I have also become more aware of how severely autism affects my life. I cannot relate to people who supposedly have autism yet are married with children, have full working lives and are not really that disabled. Part of this might be to do with my own inability to understand other perspectives.  I have not moved out of the egocentric stage of reverting everything back to myself. I wish I could understand it more, as it would resolve a lot of anxiety, but I don’t get how I have the same condition as someone who can achieve things that I find so impossible. I also, though, genuinely think that autism is not one condition, and they need to separate disabling autism from non disabling autism. It affects my self esteem quite negatively to read and hear about people with autism who have achieved the trappings of normal life, and are well integrated into their communities.

It is possible that autism is also now being over diagnosed. On the one hand, it’s good that people are being understood and supported, and over diagnosis is better than intolerance and a denial of difficulty. Yet severe disability caused by the autistic syndrome is, and always will be, rarer than the milder shadow autistic syndromes that blend into normality. The latter may well cause real difficulty and stress, but if someone can integrate into society, it means their brain is less severely impacted on an executive level at least than someone who can’t, or can only do so with a lot of support. Being able to form deep relationships presupposes social motivation and drive, as well as at least some ability to reciprocate long enough to make the thing work. It requires putting yourself second, something that many more impacted autistics cannot manage. The more impacted autistics are being left behind because of a sea of super able identity first autistics, who lead practically normal lives, with kids, relationships, and/or jobs. I am not at all denying their struggles and disability, but there is disability and then there is Disability, and the latter entails not even being able to develop a friendship beyond an egocentric kid level. Autistics with greater impairment are being drowned out, not helped by speculations about people being a bit autistic, despite having very successful lives. Some balance is needed. Diagnosis needs greater refinement. Autism is not one condition, it’s a family resemblance condition. The conditions might share surface similarities and traits, but have massively different outcomes and  degrees of integration and type of brain impairment.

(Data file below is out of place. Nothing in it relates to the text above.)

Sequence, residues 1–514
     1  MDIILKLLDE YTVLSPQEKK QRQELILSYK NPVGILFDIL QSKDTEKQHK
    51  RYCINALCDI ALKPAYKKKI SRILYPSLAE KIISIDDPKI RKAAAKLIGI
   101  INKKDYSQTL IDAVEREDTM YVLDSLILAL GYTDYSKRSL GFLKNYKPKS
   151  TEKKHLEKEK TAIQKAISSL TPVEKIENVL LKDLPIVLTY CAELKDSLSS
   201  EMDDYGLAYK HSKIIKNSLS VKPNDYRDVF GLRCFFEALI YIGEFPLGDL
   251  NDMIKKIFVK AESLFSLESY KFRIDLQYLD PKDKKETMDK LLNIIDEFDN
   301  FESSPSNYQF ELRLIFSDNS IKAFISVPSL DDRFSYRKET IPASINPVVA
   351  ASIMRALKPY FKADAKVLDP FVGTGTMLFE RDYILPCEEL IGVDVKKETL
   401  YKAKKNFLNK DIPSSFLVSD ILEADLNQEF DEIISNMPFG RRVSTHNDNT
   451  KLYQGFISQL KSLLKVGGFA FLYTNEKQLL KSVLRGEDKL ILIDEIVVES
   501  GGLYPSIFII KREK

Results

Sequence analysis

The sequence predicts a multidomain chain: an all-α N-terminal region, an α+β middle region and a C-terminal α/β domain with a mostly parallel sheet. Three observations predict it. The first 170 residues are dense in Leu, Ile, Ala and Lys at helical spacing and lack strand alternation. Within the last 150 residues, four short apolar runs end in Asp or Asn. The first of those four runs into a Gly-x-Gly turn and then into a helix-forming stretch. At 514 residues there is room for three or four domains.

We currently have a one size fits all diagnosis that is dominated by the most able ”Asperger’s” type autistics, many of whom are just slightly eccentric geeks, who blend into normality. Mental health problems among this population are profound, as even very mild social impediments can cause difficulty. But this is not quite the same condition as the one that makes someone a virtual recluse, with the egocentricity of a child, and very limited ability to access the outside world.